How To Tailor Your Resume For A Specific Job

By Maddie Lloyd
Aug. 3, 2022
Articles In Resume Guide

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Recruiters see so many resumes every day that eventually, they all start to blur together. If you want yours to stand out so you can land an interview, you’re going to have to customize your resume so that it addresses everything the employer is looking for in an ideal candidate.

We’ll cover what tailoring a resume is, highlight the major advantages of customizing your resume, and show you how to easily adapt your resume for any job description.

Key Takeaways:

  • It takes six to seven seconds for an employer to look at your resume and decide to keep it or not.

  • When tailoring your resume, you are focusing on what the employer needs, it demonstrates your interest in the job, and it shows your qualifications.

  • Make sure to read the job description, use keywords, and put your most relevant experience experiences first to make your resume stand out.

How to Tailor Your Resume For a Specific Job

What Does Tailoring Your Resume Mean?

Tailoring your resume for a specific job means adapting the information within to more closely align with the job’s duties, skills, and requisite experiences.

Since the goal of your resume and cover letter is to show hiring managers and recruiters that hiring you is a good idea, customizing the information in these documents is an essential part of writing them.

Note that tailoring your resume for a particular job doesn’t mean lying or embellishing your resume with impressive-sounding but dubious claims. Rather, your focus is on adjusting the language of your resume in minor ways that don’t alter the overall truthfulness of the document.

How to Tailor Your Resume for a Specific Job

  1. Read job description for requirements. Read over the job description and make note of any qualities or skills that are important for the job, then scan your resume to see if these words are reflected in your own experiences.

    • If they aren’t — revamp your resume using the buzzwords and traits you found in the job description. If you’re not sure of what words to use to show how your experience is perfect for the position, do a quick Google search of the job title to pick up some lingo you can use to describe yourself.

    • Our pro tip is to review the job description with three highlighters in hand. First, highlight all of the action verbs. Then, highlight all of the adjectives in a different color. Finally, highlight the skills in a third color.

    • Now look for words in your current resume that can easily be swapped for the words that the job description uses. Voila — with fairly low effort, you’ve got all the natural-sounding keywords you need to pass the applicant tracking system and impress the hiring manager or recruiter.

    For example, if you’re applying for a job as a Content Creator, you’re going to want to use words like “copyedit,” “proofread,” and “deadlines,” throughout your resume. It might seem simple, but these words will determine whether your resume gets you an interview, or gets thrown in the trash.

  2. Put your most relevant experiences right at the top. It might make sense to list your work experience in sequential order, but in the world of job hunting, you want your most valuable and relevant experience right there at the top.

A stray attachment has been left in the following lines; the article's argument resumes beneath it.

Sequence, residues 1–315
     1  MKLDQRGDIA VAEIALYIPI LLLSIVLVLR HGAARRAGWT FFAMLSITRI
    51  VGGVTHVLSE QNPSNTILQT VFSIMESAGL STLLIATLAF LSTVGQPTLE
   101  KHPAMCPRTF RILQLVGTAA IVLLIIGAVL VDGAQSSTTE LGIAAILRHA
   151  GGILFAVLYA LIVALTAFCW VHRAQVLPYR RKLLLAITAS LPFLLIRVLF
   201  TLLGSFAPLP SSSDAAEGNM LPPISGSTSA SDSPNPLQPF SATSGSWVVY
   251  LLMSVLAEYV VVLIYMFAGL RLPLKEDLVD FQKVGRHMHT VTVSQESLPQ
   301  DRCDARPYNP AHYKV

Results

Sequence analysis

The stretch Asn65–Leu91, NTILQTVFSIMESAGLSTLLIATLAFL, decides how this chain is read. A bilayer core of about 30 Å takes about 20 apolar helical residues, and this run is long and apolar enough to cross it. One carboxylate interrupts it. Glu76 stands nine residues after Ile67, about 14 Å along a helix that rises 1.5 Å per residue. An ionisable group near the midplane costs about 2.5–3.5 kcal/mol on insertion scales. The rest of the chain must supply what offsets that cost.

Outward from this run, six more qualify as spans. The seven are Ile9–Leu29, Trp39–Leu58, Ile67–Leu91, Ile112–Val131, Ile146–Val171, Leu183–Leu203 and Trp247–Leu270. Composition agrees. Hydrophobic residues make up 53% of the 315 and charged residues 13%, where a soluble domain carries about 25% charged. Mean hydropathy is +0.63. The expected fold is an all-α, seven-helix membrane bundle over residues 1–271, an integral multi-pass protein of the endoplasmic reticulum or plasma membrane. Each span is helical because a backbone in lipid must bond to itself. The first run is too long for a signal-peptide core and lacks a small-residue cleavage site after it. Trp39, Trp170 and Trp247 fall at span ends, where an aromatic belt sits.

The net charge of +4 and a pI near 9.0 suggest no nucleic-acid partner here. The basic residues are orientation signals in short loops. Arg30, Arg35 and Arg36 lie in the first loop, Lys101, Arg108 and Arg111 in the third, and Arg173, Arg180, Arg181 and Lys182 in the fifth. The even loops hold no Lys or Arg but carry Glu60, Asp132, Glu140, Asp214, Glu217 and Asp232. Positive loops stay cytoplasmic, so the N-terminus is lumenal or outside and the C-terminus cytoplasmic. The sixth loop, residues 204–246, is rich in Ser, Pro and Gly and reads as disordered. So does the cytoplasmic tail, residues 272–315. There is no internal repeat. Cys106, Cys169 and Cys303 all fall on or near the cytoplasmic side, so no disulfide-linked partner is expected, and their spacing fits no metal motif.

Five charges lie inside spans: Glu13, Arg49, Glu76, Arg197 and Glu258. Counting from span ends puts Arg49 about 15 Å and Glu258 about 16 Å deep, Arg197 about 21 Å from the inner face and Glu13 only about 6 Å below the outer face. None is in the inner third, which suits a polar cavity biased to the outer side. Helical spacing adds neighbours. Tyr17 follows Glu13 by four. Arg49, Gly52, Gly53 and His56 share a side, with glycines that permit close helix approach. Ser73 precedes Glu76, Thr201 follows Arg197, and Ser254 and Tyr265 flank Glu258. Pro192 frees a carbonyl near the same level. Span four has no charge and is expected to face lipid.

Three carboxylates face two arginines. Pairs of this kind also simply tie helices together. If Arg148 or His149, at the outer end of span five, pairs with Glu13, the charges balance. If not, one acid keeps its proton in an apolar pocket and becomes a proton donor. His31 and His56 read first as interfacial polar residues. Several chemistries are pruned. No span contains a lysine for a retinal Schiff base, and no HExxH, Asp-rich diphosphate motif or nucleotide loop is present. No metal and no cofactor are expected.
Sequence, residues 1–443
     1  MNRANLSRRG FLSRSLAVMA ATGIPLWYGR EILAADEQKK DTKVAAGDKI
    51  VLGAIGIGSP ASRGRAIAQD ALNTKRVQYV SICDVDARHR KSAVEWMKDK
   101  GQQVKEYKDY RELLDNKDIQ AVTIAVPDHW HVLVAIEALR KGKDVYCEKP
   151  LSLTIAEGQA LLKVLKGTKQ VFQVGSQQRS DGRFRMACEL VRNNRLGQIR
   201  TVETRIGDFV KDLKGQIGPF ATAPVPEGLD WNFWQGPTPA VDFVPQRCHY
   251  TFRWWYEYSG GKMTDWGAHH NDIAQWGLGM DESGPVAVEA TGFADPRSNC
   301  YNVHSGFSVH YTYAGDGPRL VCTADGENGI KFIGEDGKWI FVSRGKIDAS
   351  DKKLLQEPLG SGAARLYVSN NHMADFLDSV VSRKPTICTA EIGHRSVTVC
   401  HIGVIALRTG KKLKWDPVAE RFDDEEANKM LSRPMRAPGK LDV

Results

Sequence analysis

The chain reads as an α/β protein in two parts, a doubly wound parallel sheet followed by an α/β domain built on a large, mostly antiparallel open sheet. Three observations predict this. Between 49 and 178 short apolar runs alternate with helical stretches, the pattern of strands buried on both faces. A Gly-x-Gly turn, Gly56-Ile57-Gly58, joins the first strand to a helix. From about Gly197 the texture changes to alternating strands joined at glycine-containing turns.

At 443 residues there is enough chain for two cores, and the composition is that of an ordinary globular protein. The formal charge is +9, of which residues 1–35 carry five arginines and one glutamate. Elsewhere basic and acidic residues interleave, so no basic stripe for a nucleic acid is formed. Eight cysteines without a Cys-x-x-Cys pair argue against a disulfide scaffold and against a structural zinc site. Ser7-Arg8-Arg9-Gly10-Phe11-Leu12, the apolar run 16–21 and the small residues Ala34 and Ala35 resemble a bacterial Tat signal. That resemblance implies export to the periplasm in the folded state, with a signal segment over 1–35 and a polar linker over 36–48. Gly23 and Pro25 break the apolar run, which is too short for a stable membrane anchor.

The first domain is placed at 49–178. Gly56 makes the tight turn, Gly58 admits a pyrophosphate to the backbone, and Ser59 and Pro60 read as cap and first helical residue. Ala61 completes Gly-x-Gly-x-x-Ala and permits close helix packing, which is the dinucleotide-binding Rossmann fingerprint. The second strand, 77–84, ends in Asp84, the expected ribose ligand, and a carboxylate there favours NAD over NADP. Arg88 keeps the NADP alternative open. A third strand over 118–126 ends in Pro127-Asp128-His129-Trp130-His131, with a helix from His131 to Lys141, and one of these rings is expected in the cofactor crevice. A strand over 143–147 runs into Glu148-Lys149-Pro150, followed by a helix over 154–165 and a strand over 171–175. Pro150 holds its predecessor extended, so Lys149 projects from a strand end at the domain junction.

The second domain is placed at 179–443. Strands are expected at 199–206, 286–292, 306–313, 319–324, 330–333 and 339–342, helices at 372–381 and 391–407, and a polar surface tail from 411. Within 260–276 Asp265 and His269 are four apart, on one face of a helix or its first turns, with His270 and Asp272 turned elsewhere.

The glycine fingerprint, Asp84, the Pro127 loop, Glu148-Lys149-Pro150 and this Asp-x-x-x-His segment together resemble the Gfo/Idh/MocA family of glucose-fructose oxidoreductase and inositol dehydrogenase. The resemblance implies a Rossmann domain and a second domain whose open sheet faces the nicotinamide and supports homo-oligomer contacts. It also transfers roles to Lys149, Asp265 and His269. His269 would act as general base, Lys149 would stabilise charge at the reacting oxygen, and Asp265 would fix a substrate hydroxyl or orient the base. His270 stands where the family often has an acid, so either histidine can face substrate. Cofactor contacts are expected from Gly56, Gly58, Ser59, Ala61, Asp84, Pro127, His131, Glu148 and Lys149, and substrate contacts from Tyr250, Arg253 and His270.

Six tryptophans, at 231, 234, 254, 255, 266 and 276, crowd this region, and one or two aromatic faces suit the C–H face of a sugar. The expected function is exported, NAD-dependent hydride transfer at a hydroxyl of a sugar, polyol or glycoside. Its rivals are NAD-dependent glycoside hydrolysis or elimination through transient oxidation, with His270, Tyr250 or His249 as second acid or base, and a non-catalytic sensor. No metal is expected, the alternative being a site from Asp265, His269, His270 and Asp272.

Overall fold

• Employers only spend about six or seven seconds looking at a resume before they decide if it’s a keeper, so you’ll want to make sure that they can see your value quickly and clearly — without having to search the page for something mildly interesting.

    • Find your work or volunteer experiences that are the most closely related to the job you’re applying for, and rearrange your resume so that they stand out — and while you’re at it, make sure to use keywords we’ve been talking about.

    • Also, since your resume summary statement is the first section after your contact info, make sure to spend a lot of time writing the perfect one for each job you apply for. In two to three sentences, describe your most relevant and impressive accomplishments and skills as a way of grabbing the reader’s attention for more than six seconds.

  3. Research company values and align them with yours. Another great way to stand out from other candidates? Show employers that your values align with theirs. This will show them that you have a good sense of character, which is a quick and easy way to make a good impression.

    • So, how do you do this, you may ask? Easy, just check the company website for an “About Us” section, and you’re likely to find a paragraph or two detailing their core values. You might even find these traits in the job description, with phrases like “clear communicator,” “works well with others,” and so on.

    • If, however, the company has values that don’t align with yours, you might want to reconsider applying for the job. For example, if the company has a high respect for Doritos, but you have an unwavering devotion to Cheetos, you might consider applying for a job somewhere that values the same snacks as you.

    • Embodying a company’s ideal candidate goes beyond having a lot of experience. If you can show you’re a perfect fit for the company culture, you’re sure to stand out from other candidates.

  4. Modify your bullet points for less relevant experiences. Now that your most relevant experience is at the top of your resume, it’s time to edit your remaining experiences to show that you gained valuable qualifications from them, too.

    Your first step in doing this is to look over those valuable skills we found earlier. Think back to your less-relevant work experiences and try to match those skills to the responsibilities and duties of those jobs.